GM and its Chinese partner SAIC finally have worked out a deal that would get GM its coveted golden share back. In its darkest hour, GM had sold one percent of its 50:50 joint venture to SAIC, for the chump change of $85 million. Later, it became known why the number was so low: SAIC co-signed a note of $400 million. GM needed the cash to save its Korean arm. GM itself was facing bankruptcy, which happened only little later. Now, the share is coming back. For a hefty price.The return of the golden share was not easy. Chinese accounting rules say that a company that has substantial control of a partnership can reflect its full earnings on its books. According to the WSJ, “GM’s China ventures last year generated $30 billion in revenue and $3.2 billion in profit, of which GM received about $1.5 billion.” SAIC could book the full $3,2 billion. Not a bad deal for $85 million. Understandably, SAIC wants to continue showing the full profit on its books.
To do so, a complicated structure was worked out, which GM may regret one day, if not already. The Wall Street Journal and Reuters say that the deal will go down as we predicted last year. GM and SAIC will establish a sales company. SAIC will have 51 percent majority control of the sales company, “which would be where revenue is booked”, says the WSJ.
In turn, GM will receive 1 percent of Shanghai GM and will return to a 50:50 partnership in a company that has been stripped of the sales company that collects the money. You don’t think that’s a good deal? I agree.
Even worse, GM is no longer afforded the possibility of owning the sales company outright. As we explained last year, Chinese rules demand a joint venture for car manufacturing. Two crucial areas of the business do not need a joint venture: Parts manufacturing and the selling of cars. Foreigners have quietly established fully owned parts manufacturing enterprises in China and are looking into doing the same with distribution networks. A Chinese sales company does not need a Chinese joint venture partner, let alone one that has majority control. GM is giving up control of something it could own outright, in exchange for going back to a 50-50 Chinese standoff situation.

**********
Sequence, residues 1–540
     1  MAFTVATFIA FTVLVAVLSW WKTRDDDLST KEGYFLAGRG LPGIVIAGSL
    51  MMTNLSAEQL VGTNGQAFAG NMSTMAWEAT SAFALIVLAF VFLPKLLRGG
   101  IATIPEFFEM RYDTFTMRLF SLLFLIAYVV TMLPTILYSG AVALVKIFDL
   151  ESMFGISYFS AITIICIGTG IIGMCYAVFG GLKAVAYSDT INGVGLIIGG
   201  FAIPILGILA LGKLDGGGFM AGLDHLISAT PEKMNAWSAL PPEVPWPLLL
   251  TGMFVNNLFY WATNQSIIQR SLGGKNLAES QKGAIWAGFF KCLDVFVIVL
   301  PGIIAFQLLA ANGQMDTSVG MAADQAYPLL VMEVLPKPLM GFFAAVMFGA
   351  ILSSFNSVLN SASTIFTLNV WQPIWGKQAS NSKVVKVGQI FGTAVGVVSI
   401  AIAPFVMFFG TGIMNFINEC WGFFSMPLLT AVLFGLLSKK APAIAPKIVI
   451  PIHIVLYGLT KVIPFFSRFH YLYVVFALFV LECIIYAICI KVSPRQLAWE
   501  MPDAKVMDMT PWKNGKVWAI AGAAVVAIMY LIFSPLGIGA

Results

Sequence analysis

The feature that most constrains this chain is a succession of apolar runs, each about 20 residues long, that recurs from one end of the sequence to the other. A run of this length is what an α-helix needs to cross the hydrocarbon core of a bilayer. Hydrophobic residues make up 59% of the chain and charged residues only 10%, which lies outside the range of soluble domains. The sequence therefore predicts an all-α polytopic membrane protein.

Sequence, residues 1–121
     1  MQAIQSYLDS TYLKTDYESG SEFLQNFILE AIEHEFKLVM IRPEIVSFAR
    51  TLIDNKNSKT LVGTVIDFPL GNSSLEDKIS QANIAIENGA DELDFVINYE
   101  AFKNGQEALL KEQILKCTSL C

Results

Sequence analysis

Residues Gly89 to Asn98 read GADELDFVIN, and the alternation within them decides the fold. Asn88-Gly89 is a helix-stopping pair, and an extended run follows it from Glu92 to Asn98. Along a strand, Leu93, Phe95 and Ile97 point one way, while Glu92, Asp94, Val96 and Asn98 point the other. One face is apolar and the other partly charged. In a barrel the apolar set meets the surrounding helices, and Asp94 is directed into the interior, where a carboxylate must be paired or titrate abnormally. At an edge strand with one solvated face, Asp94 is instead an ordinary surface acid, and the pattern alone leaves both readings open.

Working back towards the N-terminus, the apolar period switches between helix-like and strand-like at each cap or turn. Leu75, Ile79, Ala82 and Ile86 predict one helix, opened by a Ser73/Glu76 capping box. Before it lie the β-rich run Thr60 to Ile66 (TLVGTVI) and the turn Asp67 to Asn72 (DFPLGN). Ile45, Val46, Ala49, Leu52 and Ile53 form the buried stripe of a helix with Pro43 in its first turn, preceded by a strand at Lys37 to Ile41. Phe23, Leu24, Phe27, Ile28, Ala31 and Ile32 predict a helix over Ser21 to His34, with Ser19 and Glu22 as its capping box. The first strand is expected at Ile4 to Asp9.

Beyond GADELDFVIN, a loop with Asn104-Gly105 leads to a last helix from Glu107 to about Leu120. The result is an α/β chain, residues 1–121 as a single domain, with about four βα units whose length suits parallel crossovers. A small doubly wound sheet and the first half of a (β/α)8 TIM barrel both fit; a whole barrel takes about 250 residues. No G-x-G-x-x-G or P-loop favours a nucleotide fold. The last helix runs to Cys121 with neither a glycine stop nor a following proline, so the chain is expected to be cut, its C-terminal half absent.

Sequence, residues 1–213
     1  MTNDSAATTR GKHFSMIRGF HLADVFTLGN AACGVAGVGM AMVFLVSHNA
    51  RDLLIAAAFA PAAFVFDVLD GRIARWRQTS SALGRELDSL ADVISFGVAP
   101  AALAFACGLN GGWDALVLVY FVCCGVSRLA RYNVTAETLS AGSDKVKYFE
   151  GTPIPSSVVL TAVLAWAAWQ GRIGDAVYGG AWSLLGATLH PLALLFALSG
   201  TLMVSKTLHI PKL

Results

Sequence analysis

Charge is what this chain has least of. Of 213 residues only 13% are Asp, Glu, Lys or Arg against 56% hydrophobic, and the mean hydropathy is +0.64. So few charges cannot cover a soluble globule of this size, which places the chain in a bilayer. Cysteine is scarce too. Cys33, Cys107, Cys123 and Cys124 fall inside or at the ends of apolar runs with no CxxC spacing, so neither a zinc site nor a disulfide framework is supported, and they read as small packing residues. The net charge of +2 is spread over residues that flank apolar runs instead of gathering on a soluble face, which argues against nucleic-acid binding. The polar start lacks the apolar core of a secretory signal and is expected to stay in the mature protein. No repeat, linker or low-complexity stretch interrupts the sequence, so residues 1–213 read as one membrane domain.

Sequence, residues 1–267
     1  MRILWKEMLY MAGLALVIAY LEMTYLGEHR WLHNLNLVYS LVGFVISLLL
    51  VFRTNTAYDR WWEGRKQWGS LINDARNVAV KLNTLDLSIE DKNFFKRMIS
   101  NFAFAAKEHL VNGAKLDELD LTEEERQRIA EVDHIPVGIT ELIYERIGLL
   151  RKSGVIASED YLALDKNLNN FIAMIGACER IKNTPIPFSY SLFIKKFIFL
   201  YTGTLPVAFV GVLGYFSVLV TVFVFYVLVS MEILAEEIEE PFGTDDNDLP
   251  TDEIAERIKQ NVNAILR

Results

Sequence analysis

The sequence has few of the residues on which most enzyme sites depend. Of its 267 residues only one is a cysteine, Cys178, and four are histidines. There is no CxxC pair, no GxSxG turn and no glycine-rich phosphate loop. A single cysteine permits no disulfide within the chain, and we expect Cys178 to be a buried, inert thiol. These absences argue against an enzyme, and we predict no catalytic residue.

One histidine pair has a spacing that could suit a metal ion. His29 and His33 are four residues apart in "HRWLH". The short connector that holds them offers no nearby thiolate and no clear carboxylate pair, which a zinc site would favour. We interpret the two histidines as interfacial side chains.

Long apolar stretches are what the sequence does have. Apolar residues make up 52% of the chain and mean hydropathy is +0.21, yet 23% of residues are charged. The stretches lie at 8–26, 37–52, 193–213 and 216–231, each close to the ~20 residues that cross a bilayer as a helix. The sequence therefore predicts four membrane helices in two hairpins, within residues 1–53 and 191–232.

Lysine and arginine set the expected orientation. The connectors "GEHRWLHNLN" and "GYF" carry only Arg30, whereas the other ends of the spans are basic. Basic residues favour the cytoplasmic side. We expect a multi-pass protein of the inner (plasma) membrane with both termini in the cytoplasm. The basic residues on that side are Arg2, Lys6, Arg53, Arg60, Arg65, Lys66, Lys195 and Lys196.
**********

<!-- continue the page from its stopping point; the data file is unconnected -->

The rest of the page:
What’s more, GM and SAIC are moving closer and closer elsewhere on the planet. GM’s international operations are already in Shanghai. GM and SAIC are going into the interesting Indian market together. GM and SAIC already export cars to Latin America, “and potentially could begin building vehicles there, but not for some time,” says the Wall Street Journal.
GM CEO Dan Akerson already hints at a joint venture of global proportions:
“SAIC is the principal relationship that we have around the globe now and we expect that to be the case into the future.”
Other automakers don’t do joint ventures in important growth markets such as India or Latin America. They want to book the profits themselves. A financially weak GM has sold its future to a Chinese partner.